Lassa Fever is an acute viral haemorrhagic infection associated with persistent high fever. This Acute disease is caused by the Lassa virus belonging to the arenavirus family (this group of viruses infect rodents and occasionally humans).
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Lassa Fever was first described in the 1950s and the virus was isolated in 1969 in Lassa, Nigeria. It occurs more often in the dry season, rather than in the rainy season.
- About 15–20% of hospitalized Lassa fever patients will die from the illness. The death rates are particularly high for women in the third trimester of pregnancy, and for fetuses, about 95% of which die in the uterus of infected pregnant mothers.
The latest resurgence of Lassa Fever has seen cases reported in parts of parts of Ebonyi, Edo, Nassarawa, Ondo, Bauchi and Lagos state.
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Healthcare practitioners strongly advice good hygiene for preventing the infection and vigilance in spotting its symptoms.
Transmission of Lassa Fever:
Humans usually become infected with Lassa virus from exposure to excreta of infected rat.
Lassa virus can also be transmitted between humans through direct contact with the blood, urine, faeces, or other bodily fluids of a person with Lassa Fever. Sexual transmission of Lassa virus has also been reported.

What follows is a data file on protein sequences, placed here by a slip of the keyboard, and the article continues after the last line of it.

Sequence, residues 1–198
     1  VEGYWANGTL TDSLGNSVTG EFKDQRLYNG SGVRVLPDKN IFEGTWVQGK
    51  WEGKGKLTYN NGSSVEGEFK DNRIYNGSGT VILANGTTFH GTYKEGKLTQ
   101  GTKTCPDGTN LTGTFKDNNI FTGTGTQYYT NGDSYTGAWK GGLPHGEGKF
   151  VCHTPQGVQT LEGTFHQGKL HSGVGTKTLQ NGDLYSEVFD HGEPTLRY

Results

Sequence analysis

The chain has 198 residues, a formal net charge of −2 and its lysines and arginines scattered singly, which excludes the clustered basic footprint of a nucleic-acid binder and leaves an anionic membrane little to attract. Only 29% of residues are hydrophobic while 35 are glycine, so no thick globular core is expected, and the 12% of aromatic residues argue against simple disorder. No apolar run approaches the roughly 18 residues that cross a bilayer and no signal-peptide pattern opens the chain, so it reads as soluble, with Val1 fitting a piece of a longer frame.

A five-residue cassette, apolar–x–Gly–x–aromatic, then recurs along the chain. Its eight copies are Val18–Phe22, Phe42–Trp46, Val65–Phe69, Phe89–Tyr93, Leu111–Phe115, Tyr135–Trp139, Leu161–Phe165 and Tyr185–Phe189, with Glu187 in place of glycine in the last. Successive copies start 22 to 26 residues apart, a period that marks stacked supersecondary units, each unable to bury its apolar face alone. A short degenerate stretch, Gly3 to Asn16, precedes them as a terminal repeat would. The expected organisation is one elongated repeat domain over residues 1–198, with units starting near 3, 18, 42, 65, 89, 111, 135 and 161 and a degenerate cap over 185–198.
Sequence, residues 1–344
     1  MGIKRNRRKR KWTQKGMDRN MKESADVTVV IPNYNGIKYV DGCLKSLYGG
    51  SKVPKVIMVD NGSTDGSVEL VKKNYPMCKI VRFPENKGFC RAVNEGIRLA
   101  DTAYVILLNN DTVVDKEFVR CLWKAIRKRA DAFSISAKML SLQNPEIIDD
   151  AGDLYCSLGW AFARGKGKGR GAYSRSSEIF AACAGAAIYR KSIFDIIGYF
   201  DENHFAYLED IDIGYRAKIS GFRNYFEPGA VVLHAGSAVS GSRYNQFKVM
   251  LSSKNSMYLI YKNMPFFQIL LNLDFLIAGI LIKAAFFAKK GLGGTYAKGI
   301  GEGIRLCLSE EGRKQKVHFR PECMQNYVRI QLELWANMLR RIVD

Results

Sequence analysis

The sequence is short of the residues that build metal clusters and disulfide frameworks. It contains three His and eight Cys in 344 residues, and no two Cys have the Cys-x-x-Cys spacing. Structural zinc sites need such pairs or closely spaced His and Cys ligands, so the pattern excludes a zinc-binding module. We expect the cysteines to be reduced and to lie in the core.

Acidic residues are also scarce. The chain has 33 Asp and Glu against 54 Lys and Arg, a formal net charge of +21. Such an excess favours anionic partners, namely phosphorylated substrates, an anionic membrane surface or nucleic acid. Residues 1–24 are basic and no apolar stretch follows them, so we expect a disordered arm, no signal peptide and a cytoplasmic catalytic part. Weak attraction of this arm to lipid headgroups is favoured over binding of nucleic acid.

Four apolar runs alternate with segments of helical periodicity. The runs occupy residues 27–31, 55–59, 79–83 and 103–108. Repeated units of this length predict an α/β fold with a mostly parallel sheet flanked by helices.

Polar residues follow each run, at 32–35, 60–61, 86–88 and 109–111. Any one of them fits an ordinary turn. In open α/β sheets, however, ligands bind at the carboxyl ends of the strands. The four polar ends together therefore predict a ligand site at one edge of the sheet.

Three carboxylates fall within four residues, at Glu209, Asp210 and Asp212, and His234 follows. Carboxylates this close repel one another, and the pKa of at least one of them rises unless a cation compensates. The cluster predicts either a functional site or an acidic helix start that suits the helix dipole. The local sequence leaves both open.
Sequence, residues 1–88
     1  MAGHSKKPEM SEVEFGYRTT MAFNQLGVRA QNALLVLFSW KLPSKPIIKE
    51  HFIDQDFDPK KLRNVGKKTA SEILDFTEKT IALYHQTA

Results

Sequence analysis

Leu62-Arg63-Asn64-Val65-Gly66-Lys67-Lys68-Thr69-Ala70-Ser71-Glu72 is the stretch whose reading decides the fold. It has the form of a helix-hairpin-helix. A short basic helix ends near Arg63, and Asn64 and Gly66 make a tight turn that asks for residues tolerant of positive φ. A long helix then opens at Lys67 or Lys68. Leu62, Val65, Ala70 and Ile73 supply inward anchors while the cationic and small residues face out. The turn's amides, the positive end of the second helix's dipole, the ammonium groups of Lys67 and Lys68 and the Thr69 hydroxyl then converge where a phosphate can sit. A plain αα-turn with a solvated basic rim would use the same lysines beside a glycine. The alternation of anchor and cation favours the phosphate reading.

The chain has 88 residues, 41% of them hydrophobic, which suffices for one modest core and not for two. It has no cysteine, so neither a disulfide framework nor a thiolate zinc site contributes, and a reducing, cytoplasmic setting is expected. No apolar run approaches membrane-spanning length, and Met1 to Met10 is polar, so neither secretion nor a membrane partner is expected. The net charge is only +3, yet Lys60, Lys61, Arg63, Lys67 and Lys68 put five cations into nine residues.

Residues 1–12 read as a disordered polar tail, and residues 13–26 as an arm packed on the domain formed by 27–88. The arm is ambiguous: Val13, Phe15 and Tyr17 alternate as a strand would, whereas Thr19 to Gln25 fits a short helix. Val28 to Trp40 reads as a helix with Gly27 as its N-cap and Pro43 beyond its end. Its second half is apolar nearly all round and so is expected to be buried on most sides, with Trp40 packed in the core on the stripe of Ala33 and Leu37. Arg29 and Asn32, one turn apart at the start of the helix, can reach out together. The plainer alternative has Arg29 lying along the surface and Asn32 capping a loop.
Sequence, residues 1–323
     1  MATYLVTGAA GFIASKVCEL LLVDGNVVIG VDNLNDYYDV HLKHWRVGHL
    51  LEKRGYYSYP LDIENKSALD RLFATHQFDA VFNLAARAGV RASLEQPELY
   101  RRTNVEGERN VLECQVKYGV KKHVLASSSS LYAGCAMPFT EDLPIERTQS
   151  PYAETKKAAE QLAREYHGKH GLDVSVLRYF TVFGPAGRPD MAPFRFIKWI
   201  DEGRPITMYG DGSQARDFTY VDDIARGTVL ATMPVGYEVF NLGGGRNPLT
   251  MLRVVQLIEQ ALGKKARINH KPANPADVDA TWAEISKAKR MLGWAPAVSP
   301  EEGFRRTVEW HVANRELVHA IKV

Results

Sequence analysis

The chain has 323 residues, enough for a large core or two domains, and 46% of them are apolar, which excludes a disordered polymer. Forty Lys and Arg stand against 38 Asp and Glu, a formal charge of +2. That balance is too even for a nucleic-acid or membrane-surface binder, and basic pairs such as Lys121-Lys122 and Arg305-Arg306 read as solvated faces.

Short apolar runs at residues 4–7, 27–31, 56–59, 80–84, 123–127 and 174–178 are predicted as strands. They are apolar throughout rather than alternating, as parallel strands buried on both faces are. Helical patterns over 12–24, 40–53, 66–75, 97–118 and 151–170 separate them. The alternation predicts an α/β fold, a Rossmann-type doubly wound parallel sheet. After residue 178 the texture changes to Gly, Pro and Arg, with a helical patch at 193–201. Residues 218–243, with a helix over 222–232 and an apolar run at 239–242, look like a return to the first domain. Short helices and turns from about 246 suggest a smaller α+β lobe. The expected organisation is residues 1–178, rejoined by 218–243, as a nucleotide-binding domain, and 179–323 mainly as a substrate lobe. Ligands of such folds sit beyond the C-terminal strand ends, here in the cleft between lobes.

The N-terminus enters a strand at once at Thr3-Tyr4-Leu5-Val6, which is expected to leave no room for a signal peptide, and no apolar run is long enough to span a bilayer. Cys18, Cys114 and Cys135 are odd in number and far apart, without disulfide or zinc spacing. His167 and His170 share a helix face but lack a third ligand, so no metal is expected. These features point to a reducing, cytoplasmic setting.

Incubation Period is usually about 10 days but can range from 6-21 days.
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Symptoms of Lassa Fever:
The illness usually starts with fever, general weakness and malaise. Other signs and symptoms are; a headache, sore throat, pain behind the breastbone, nausea, vomiting, diarrhoea, cough, abdominal pain and red spots. The symptoms take up to three weeks to manifest and are so mild as to be ignored in about 80% of cases.
In severe cases, it may progress to swollen face, bleeding (from mouth, nose and vagina), gastrointestinal tract and low blood pressure. Death may occur within two weeks in seriously sick patients. This is due to the failure of multiple organs.
The onset of the disease is usually gradual, starting with fever, general weakness, and malaise followed by headache, sore throat, muscle pain, chest pain, nausea, vomiting, diarrhoea, cough, and bleeding from mouth, nose, vagina or gastrointestinal tract, and low blood pressure.
As soon as you suspect Lassa fever or you have persistent fever not responding to the standard treatment for malaria and typhoid, report to the nearest health facility.
How to Prevent Lassa Fever
• Discard any food parts eaten by rats.
• Avoid any physical contact with rats
• Keep your house and environment clean.
• Avoid physical contact with anyone showing symptoms of the infection.
• Cover food and water properly.
• Wash your hands regularly and/or make use of hand sanitizing gel
• Cook all foods thoroughly.
• Avoid contact with the bodily fluids of infected persons
• Block all rat hideouts.
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For more advice and help, feel free to consult a doctor online.
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